Operating at temperatures just above absolute zero, superconducting cavities accelerate bunches of electrons and positrons toward the detectors in a proposed international linear collider. Nine smooth cells, polished in all possible ways. Made of the purest niobium. Not a speck of dust or the slightest difference in shape. Superconducting when supercold Photo: Fermilab
Superconducting cavities are a key component of an enhanced version of the controversial Emdrive [electromagnetic drive].
Prototype C-band emdrive (The emdrive has been funded by China and could be a breakthrough in space and terrestrial propulsion or it is a one to two million dollar scientific mistake.) [by the cinderblock in the background it appears to be less one foot tall]
Effect of increased Q for the Emdrive
Q=50,000 (1st gen.) Static thrust=315 mN/kW Specific thrust at 3km/s=200mN/kW
Q=6,800,000 (supercond) Static thrust=42.8 N/kW Specific thrust at ??km/s=??N/kW
Q=5* 10**9 (supercond) Static thrust=31.5 kN/kW Specific thrust at 0.1km/s=8.8N/kW
Q=10**11 (supercond) Static thrust=630 kN/kW Specific thrust at 0.1km/s=??N/kW
SPR ltd is working on a superconducting demo which should be 100 times more powerful than the first version and provide 30 newtons of force instead of 315 milli-newtons. China is also building a large S-band thruster.
Superconducting radiofrequency (SCRF) cavities are also the main technology for a new international linear collider.
The main vehicle for SCRF technology is the cavity, a hollow structure that drives particles to higher energies. For the ILC, we will use roughly 16,000 metre-long nine-cell 1.3 GHz (gigahertz) niobium cavities. So far ILC scientists have achieved the target gradient goal in roughly a dozen cavities. “We have proven that the technology works,” says Cornell University’s Hasan Padamsee. “Now we need to improve the yield.” In some cases, ILC cavities have actually exceeded the
target goal and reached a gradient of 40 MV/m. Consistently reaching a gradient of 35 MV/m, however, in a large number of cavities remains a problem.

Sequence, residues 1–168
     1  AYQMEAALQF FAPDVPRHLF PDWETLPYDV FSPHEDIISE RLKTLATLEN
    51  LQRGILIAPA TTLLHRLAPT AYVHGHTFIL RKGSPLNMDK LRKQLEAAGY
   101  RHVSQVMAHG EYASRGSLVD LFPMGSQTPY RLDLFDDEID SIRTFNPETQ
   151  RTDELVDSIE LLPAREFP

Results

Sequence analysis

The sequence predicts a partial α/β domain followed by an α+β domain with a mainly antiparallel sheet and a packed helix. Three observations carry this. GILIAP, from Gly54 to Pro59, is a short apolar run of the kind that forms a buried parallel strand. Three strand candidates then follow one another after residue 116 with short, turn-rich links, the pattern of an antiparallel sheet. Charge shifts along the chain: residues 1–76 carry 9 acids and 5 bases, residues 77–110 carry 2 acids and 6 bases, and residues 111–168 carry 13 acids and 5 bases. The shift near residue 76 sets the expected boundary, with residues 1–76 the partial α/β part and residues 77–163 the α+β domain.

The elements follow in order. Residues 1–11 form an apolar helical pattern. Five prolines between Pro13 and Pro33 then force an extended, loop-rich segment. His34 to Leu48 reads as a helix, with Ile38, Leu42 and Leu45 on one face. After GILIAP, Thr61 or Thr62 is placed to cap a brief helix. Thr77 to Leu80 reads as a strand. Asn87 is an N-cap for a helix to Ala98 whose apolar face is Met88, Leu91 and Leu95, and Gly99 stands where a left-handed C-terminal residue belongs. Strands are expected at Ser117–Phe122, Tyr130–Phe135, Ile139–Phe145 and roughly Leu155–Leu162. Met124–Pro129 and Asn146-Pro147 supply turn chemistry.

The European Commission has accepted to fund the ILC-HiGrade, or “International Linear Collider and High Gradient Superconducting RF-Cavities,” proposal within its Seventh Framework Programme (FP7) with five million Euros over the next four years. Under this contract, at least 24 superconducting cavities will be created to demonstrate the gradient feasibility for the ILC.
This kind of superconductivity cavity would be one thousand to twenty thousand times better than the crude superconducting demo that SPR ltd currently has. A very good nobium cavity could probably be created for $400,000 to 800,000 [converting the Euro price to dollars and increasing the cost for one instead of 24].
A 2002 study of superconducting cavity costs worked out to $100,000 per meter.
In the same 2002 presentation by Pierre Bauer, it appears that the maximum Q value is at least higher than 100 billion for certain kinds of nobium cooled to about 1 degree kelvin.
Possible research for higher Q cavities [2002 list]:
1) cavity manufacturing (“seam-less” techniques such as hydro-forming,…)
2) materials – e.g. replacing bulk Nb with Nb on Cu
3) surface resistance – e.g. understanding the surface chemistry that leads to low surface resistance, exploring materials which produce lower surface resistance,..etc
4) Higher gradients in view of a second stage in the same tunnel – e.g. pushing Nb to the absolute limit, exploring other materials such as Nb3Sn and NbN;
This dynamic test rig moved at 2 cm per second using the first generation emdrive. If the crude superconducting test system can be made to work then it should move the a heavier (ten tons instead of 100kg) dynamic test rig at 2 cm per second [the system loses energy with more speed].
A couple million dollars of equipment and labor at risk over two years to verify what could be a huge multi-trillion dollar breakthrough or a fairly cheap mistake (or something inbetween).
Superconducting Radio Frequency at wikipedia
It is commonplace for a 1.3 GHz niobium SRF resonant cavity at 1.8 Kelvin to obtain Q=5×10**10 [50 billion]. Such a very high Q resonator and its narrow bandwidth can then be exploited for a variety of applications. At present, none of the "high Tc" superconducting materials are suited for RF applications. Shortcomings of these materials arise due to their underlying physics as well as their bulk mechanical properties not being amenable to fabricating accelerator cavities.